Home for Students
Same as the global scenario, one of the most interesting aspects of co-living spaces is student housing. Differentiated as a separate market, the student housing concept is more relevant to India due to poor quality of hostels as well as rising expenses of living in these hostels.
For Anindya Dutta and Sandeep Dalmia, co-founders of Stanza Living, it was their collective experience in the student housing market in India and abroad that led to the idea of creating a unique and high-quality student living concept in India. They found that the student accommodation space in India lacks quality infrastructure and personalized services, which is a significant gap. Stanza Living was launched in 2017 with two-residences in Delhi and today, they have over 16+ residences with 2,000+ bed capacity across Delhi, Noida and Greater Noida. The duo bets on the student housing sector in India, as the sector generates in excess of $15 billion in revenues annually and is expected to grow multi-folds. “On an average, the segment receives demand from around 11 million migrant students. We believe there is significant demand for a professionally-managed, tech-enabled student living experience and the consumer is keen to experience a disruptive value proposition like ours,” Dalmia says.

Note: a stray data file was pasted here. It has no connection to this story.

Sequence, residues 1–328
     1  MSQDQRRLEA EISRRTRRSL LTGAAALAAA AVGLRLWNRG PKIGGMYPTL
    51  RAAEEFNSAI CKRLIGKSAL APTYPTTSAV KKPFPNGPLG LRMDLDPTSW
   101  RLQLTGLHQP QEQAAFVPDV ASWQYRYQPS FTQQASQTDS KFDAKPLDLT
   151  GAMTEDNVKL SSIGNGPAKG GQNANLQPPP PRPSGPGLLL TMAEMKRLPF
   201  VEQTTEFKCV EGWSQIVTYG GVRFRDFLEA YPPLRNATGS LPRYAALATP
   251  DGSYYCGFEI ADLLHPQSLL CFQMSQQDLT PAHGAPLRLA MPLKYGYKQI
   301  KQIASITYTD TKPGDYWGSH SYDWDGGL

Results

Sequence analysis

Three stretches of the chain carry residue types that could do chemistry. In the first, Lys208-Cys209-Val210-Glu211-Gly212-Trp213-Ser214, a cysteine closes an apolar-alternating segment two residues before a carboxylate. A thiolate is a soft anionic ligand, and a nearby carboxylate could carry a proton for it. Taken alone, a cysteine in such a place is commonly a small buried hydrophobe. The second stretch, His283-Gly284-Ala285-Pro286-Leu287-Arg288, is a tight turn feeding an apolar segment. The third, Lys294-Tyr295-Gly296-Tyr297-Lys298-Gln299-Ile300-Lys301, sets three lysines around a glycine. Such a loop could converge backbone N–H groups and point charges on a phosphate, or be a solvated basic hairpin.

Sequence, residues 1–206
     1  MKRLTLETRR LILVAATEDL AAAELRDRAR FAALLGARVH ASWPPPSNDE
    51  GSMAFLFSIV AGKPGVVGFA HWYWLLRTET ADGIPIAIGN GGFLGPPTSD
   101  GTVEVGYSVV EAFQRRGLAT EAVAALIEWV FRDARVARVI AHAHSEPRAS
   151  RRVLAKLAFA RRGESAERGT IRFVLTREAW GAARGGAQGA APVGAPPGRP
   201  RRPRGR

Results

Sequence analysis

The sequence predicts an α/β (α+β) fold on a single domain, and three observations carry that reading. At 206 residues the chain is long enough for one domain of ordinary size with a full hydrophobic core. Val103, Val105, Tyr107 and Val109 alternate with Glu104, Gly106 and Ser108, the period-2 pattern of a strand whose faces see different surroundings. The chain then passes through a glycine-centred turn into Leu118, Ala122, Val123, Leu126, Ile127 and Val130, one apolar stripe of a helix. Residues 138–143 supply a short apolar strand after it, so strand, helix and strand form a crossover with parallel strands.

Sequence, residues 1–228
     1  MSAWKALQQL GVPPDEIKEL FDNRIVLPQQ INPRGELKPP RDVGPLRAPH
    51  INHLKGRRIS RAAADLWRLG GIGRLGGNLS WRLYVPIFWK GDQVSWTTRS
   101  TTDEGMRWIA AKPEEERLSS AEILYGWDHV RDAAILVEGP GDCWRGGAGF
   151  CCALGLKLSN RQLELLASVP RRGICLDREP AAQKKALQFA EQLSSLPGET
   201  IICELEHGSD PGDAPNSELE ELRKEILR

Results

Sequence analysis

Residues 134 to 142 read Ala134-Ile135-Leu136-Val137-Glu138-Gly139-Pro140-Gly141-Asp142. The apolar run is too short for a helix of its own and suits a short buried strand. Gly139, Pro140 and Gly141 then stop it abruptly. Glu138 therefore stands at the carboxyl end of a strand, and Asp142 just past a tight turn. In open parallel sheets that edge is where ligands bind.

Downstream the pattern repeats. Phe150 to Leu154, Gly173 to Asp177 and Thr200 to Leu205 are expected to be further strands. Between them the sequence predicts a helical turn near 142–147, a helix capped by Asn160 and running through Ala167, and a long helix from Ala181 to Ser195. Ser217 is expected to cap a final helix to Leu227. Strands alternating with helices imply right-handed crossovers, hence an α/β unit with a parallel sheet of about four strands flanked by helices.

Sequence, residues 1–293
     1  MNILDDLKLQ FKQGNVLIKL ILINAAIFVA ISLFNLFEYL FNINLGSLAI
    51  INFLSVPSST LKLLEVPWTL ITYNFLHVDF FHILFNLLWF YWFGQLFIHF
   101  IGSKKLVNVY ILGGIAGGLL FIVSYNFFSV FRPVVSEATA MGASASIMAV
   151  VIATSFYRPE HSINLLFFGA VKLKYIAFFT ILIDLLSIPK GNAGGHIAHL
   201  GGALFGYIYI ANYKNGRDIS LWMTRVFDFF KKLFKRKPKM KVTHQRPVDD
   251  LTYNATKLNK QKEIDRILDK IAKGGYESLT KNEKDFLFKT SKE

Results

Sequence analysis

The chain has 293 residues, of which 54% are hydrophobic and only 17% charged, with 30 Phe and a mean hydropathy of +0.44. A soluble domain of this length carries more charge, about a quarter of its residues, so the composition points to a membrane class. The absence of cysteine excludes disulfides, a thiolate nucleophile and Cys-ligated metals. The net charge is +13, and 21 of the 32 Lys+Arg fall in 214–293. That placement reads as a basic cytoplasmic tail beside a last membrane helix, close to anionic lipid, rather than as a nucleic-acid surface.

A report by Goldman Sachs India Consumer Close-up and JLL Student Housing says that the market size of India’s residential rental market seems to be in the range of $45 billion for millennials in the age group of 18-31 years. In the rapidly changing landscape of the country, co-living is for the new India, believes Sikri. “Not only does Zolo help customers but also real estate players. Going by the recent trends, coliving may offer a higher rental yield of as much as 8-11 percent, as compared to the current average yield of approximately 1-3 percent in residential properties in India,” he says. In Bengaluru, a number of co-living spaces have opened up and opportunities are aplenty. Rajesh Kotta co-founder of Square Plums says that in Bengaluru alone, close to 600,000 youngsters live in PGs and this number is increasing by about 10,000 every month. “The way gated communities, IT parks and malls have come into being in the past 10 - 15 years, the next five years will see co-living parks come up,” says Kotta. Nikunj Batheja, co-founder and CEO, Homigo, feels co-living spaces are much more than merely fancy PGs as they are built keeping in mind the requirements of dwellers. The IIT Kanpur graduate started the company along with his batchmates Jatin Mitruka and Aakash Verma in 2014 in Bengaluru, after they were forced to cross paths with sly brokers. “Co-living offers the option of paying for only the spaces that a person is going to use, which makes it attractive for an individual,” he says.